EconomicsNews

Earnings roundup: Knight, UPS, Landstar among those reporting mixed results

When Swift Transportation reported its earnings earlier this week, one of the big questions would be how they would be affected going forward as the acquisition of the company by Knight Transportation is completed and financials are combined.

A research note from Stifel suggested that once Knight reported its earnings, more would be learned about the combined company. Knight has now reported, and the combined outlook has not swayed the opinion of the stock going forward.

“We learned little regarding the pending, transformational combination with Swift Transportation other than that the deal should close during the late August/early September time frame,” the Stifel note on Knight’s earning stated. “So the question becomes, with Knight’s common shares and Swift’s shares effectively “joined at the hip”, are Knight’s shares attractively priced or not? We think not and reiterate our hold rating on the company’s common shares.”

Stifel is increasing its 2017, 2018 and 2019 EPS estimates for the combined company from $0.94, $1.07, and $1.25 to $1.10, $1.32, and $1.75, respectively, but it has decreased the share price target from $38 to $36.

As for Knight’s earnings, the company reported an 18% drop in second quarter 2017 EPS year-over-year to 25 cents. That was in line with estimates, though. The carrier reported total revenue decreased 1.1% year-over-year to $273 million, while revenue, excluding trucking fuel surcharge, decreased 2.7%, to $247 million.

“The freight environment began to show signs of improvement as we experienced more non-contract opportunities during the second quarter of 2017 as compared to the same quarter last year,” explained Dave Jackson president and CEO. “Our revenue per loaded mile increased slightly year over year, which marks the first year over year improvement since the third quarter of 2015. The 2017 bid season has been competitive, similar to 2016, however, we expect the recent capacity tightness and non-contract pricing strength to lead to an improved rate environment. This quarter our tractor utilization was negatively impacted by a 3.4% decline in average length of haul and a difficult experienced driver recruiting market. We expect these challenges to continue into the third quarter, however, our leadership remains focused on improving the productivity of our assets, expanding our brokerage business, and enhancing our cost control measures.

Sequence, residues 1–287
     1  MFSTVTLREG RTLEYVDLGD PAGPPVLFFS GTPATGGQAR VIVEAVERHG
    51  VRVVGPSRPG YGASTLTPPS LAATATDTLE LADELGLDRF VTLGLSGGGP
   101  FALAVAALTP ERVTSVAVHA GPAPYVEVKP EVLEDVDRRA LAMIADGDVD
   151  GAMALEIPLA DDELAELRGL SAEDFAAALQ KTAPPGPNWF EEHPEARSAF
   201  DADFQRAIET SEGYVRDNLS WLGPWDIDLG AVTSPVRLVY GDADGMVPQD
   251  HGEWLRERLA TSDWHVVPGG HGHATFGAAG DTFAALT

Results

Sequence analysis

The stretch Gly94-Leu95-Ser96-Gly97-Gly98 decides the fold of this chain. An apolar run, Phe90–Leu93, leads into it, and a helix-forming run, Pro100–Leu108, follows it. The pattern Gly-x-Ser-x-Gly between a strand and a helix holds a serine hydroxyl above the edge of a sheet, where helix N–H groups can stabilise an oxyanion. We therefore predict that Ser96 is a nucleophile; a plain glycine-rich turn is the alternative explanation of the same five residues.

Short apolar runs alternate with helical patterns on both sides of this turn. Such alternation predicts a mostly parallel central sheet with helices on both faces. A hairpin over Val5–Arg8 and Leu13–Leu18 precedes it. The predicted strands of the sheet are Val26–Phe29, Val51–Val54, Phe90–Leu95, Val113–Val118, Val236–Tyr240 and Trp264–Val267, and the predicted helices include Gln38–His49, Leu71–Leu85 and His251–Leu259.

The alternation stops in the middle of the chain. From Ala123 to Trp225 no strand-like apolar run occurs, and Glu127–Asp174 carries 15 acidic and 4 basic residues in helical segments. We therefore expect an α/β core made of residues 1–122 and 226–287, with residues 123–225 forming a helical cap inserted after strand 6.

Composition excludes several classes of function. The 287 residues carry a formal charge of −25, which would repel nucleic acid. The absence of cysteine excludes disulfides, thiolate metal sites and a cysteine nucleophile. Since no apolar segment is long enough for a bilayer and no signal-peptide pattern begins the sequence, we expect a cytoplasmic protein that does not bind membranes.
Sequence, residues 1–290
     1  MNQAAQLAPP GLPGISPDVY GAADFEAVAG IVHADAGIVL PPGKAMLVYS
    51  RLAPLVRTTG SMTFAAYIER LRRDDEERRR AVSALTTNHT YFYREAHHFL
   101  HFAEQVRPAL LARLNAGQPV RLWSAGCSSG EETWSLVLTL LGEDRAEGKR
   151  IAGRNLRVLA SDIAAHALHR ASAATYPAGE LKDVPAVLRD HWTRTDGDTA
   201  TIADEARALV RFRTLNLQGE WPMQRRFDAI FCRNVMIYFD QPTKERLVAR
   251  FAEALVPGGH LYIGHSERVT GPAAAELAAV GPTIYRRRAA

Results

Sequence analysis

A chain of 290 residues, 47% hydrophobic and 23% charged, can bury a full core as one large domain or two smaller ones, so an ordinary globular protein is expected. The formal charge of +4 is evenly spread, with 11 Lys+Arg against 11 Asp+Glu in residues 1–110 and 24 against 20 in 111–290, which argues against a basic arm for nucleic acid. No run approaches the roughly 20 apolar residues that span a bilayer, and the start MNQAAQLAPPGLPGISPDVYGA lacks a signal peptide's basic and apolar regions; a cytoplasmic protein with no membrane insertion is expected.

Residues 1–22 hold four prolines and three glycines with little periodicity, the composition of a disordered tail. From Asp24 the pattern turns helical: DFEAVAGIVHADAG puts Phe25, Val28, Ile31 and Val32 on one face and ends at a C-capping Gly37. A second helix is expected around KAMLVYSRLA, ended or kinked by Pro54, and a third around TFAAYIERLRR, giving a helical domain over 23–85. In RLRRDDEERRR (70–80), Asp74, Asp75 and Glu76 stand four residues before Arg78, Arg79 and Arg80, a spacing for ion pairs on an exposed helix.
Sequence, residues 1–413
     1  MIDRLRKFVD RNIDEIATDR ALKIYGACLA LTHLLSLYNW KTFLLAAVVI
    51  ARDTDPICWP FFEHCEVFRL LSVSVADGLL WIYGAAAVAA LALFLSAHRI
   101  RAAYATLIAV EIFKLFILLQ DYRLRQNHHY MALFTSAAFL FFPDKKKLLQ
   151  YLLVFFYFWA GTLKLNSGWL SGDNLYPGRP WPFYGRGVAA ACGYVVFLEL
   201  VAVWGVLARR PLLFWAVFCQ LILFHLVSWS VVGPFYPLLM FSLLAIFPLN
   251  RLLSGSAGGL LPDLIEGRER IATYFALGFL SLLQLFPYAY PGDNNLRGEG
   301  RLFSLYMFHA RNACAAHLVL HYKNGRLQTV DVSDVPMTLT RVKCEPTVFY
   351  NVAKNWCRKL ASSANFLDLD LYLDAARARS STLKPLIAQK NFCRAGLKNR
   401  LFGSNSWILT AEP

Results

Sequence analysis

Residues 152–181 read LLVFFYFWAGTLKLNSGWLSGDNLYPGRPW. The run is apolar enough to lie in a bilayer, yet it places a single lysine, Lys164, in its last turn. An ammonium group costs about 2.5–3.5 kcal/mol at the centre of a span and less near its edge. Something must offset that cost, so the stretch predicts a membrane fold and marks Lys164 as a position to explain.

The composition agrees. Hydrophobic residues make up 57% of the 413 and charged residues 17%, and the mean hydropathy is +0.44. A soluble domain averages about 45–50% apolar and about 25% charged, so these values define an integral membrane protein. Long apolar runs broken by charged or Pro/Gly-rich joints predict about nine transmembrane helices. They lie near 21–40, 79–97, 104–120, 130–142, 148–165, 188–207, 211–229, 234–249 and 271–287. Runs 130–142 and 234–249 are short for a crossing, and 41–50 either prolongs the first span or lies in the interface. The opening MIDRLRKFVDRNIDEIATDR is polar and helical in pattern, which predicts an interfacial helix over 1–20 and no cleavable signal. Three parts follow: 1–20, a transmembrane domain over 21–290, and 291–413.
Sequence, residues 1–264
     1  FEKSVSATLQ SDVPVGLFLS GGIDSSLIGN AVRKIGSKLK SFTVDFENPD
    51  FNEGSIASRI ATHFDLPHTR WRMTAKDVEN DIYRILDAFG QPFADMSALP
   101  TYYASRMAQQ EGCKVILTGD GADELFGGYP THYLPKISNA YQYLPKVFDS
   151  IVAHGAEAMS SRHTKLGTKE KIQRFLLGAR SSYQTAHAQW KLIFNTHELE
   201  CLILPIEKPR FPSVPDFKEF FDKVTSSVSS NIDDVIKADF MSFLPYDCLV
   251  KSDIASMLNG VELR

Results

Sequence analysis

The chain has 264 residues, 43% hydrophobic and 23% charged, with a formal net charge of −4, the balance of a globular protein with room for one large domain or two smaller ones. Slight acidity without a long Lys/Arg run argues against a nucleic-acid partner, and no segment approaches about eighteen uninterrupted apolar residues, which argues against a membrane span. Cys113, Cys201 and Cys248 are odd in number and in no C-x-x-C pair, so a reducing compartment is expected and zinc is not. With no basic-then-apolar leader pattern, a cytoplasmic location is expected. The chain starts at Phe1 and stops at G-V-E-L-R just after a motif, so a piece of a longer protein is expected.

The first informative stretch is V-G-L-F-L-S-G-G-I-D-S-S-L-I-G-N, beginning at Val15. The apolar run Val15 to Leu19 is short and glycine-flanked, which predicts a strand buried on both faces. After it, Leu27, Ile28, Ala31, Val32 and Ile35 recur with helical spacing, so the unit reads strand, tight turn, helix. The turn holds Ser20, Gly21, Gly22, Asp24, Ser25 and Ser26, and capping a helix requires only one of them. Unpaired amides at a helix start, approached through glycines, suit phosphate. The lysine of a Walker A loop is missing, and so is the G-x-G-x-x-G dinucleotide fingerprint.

UPS

UPS posted second-quarter net income of $1.4 billion or $1.58 per share, up nearly 8 percent from $1.3 billion or $1.43 per share a year earlier on the continuing strength of e-commerce shipments. Analysts had expected earnings per share of $1.47.

The company said its domestic package service rose to $9.7 billion and revenue per package climbed 3% versus 2016’s second quarter. UPS raised prices this year.

“As far as peak of this year, we have additional capacity that’s opening in several different spots throughout the country,” CEO David Abney told Reuters on Thursday. “We have healthy volume growth, so we are planning for that.”

International segment grew 2.8% but its operating profit fell almost 5% due to export growth in Asia and Europe, UPS said.

Covenant Transport

Covenant Transport (CVTI) reported a 60% year-over-year drop in earnings, but it met Wall Street estimates of 8 cents per share. The Chattanooga, TN-based carrier earned $1.5 million on revenues of $164.3 million in the second quarter vs. $3.6 million on revenues of $160.2 million last year.

“Freight demand built throughout the quarter and continues to be favorable in July on a seasonally adjusted basis,” CEO David Parker said. “April was the slowest month overall, in part due to reduction of a portion of freight from customers as we made decisions to protect our yield model in our expedited service offering. In addition, we assisted customers in our dedicated service offering to re-engineer improved efficiency of their freight network that resulted in a reduction of the number of high-utilization dedicated trucks that they required from us.”

“Each month was stronger, from a demand and revenue productivity perspective, when compared to the previous month,” said an earnings note from Stifel. “The company expects revenue productivity per truck to turn positive y/y in the third quarter, as July has been a strong month, from a seasonally adjusted point of view. And the e-commerce surge should reappear in the fourth quarter, only bigger and stronger than in the fourth quarter 2016  as e-commerce continues to capture share of the retail market.”

Covenant’s debt to total capitalization declined slightly from 46.8% at 2016 year’s end to 44.3% at mid-year 2017. The company ended the quarter with nearly $16 million of cash and almost $56 million of undrawn availability under its revolving credit line.

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Brian Straight

Brian Straight covers general transportation news and leads the editorial team as Managing Editor. A journalism graduate of the University of Rhode Island, he has covered everything from a presidential election, to professional sports and Little League baseball, and for more than 10 years has covered trucking and logistics. Before joining FreightWaves, he was previously responsible for the editorial quality and production of Fleet Owner magazine and fleetowner.com. Brian lives in Connecticut with his wife and two kids and spends his time coaching his son’s baseball team, golfing with his daughter, and pursuing his never-ending quest to become a professional bowler.
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